Nonzukiso Siyotula

Whose responsibility is it to develop our youth into capable, responsible and motivated members of the adult workforce? Parents look to the schools to do the job. Schools believe it is the business community’s job. Business owners seem to want anyone, even the government, to undertake the task. The government, in turn, suggests that parents do a better job.
There should not be a continuous forward and backward cycle because the truth is, it is everyone’s job!

So, as another Youth Month came to an end yesterday, our biggest challenge remains the fact that there are way too many young people out there who are disconnected from school, family and society. They don’t understand the need to learn or what it will take to be a productive member of society. At the same time, we have difficulty understanding them and what we could do to make them change.


Parents have the power and the first responsibility to prepare their children to become fully-fledged members of society and for working life. For the youth, having the courage to follow one’s heart’s true path doesn’t happen overnight. It is fostered and encouraged by parents who believe in their children, who convince them that they can do anything they set their minds to. In essence, as a parent, you can give your children the power to follow their heart by starting now.

There is no denying parents and guardians play a vital role in helping the youth decide future careers. In fact, research from the Ernst Young Foundation and the Chartered Management Institute (CMI) found that 73% of young pupils say they receive career advice from parents.

Of course, it is always helpful for parents to share their own work history and lessons learned from those experiences. Good and bad. This helps the youth prioritise activities and set goals, and reinforces the value of planning and preparation, making school more relevant to life goals.


Education and skills training are key determinants of success in the labour market. But unfortunately, surveys of learning outcomes and skills show that a large number of youth have low levels of achievement in basic literacy and numeracy. According to a recent International Labour Organization (ILO) publication, 73.4million young people were estimated to be unemployed in the last year.

The ILO says one reason for youth unemployment is structural unemployment, a mismatch between the skills that workers in the economy can offer and the skills demanded of workers by employers. It is, therefore, the responsibility of the teachers and parents to give the right direction to the youth.

Indeed, schools can incorporate more real world exercises and resources into respective subjects to nurture youth, so that they are best equipped to face challenges in life. For example, introducing business development and entrepreneurship study in the school syllabus can change the attitude of a child to that of an innovator or a first-mover.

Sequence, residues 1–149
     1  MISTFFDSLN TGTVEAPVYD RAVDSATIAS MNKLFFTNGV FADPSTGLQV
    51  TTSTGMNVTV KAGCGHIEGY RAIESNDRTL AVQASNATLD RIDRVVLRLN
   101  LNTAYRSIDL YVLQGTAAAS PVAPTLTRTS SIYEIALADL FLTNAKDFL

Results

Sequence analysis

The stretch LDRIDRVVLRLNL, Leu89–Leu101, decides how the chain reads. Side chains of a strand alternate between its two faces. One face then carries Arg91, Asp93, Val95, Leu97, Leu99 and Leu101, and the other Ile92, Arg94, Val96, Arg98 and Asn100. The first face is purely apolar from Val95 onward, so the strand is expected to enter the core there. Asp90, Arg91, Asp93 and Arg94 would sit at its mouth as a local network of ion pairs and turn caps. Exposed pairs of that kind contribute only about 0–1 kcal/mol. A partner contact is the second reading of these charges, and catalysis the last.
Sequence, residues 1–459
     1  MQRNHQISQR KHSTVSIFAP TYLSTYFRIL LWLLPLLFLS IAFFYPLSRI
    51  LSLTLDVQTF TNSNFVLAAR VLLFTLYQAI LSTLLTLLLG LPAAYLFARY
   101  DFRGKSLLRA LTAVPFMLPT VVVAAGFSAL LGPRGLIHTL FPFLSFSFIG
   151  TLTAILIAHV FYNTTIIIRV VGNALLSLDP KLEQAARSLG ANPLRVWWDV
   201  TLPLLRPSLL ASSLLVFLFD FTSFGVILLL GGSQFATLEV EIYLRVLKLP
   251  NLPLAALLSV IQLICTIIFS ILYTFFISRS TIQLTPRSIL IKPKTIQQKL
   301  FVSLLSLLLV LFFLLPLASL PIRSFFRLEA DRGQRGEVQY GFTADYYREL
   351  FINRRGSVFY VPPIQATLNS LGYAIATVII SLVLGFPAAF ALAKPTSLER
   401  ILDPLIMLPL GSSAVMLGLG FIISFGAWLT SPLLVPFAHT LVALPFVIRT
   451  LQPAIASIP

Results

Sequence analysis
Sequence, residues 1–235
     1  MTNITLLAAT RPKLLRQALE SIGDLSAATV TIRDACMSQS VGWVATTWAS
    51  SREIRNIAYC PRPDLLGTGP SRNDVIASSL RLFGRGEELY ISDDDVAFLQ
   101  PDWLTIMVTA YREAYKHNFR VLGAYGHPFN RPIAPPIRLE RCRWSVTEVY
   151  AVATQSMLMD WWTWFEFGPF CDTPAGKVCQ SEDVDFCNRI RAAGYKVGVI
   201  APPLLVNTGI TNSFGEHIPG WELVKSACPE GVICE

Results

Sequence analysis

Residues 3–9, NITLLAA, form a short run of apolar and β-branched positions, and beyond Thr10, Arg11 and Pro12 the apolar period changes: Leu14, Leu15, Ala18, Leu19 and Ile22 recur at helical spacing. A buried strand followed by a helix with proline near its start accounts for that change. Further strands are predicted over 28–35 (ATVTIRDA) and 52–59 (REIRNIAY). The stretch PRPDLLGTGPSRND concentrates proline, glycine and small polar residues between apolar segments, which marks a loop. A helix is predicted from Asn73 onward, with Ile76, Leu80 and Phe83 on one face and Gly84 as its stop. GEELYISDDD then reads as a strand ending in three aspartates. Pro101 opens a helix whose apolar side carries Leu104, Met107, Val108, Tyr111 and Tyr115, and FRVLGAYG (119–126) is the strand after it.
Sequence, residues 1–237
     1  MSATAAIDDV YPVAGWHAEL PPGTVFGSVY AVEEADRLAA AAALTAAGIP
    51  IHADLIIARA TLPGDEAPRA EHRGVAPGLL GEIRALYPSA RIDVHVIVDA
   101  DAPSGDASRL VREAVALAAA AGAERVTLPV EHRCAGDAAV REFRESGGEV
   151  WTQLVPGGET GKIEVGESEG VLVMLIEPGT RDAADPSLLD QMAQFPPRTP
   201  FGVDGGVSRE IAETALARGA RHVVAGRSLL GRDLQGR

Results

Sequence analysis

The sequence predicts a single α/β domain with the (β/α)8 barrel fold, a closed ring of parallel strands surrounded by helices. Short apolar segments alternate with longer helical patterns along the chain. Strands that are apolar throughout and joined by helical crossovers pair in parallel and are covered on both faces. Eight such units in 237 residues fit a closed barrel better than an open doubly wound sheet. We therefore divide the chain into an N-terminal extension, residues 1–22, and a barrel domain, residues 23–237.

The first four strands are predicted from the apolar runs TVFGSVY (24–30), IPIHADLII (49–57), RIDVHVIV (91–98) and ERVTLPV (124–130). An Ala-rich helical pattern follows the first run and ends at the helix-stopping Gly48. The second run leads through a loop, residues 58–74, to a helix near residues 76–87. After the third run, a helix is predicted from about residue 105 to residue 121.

No youth will just be picked up by business, like ripe fruit, the minute they graduate and turn 18. Rather, as any good gardener knows, like a tree, the youth must be mindfully tended from a sapling.

Therefore, business internships provide youth critical experiential learning opportunities through which they develop career skills most in demand by today’s employers, including communication, adaptability, problem-solving and team work.

As we all know, an internship is a cross between volunteer work and apprenticeships. Like the former, it is usually unpaid and the commitment is short term. Like the latter, it provides a structured work experience centred on goals for skills development. For me, the key to successful internship programmes is understanding what internship providers expect in terms of both hard and soft skills and ensuring that the youth have a thorough understanding of both.


The government at all levels can direct more funding into job skills training, through schools and community agencies such as the Sector Education and Training Authorities (Setas). South Africa’s 21 Setas try to improve work placement for youth and middle managers through learnerships, internships and apprenticeships to create the potential for creating opportunities for jobs and other forms of sustainable livelihoods.

Empowering young people through skills development

As we say goodbye to another Youth Month, let us remember that empowering young people through skills development strengthens their capacity to help address the many challenges facing society, including poverty, injustice and violent conflict.

There is no better investment than helping a young person to develop their talent abilities.\To allow our young people to realise their potential, it is vital that we celebrate our emerging youth talent and provide opportunities for it to flourish.

* Siyotula is acting chief executive officer of the Wholesale and Retail Sector Education and Training Authority (W&RSeta) which runs the Retail Management Development Programme for managers in the sector.

The Sunday Independent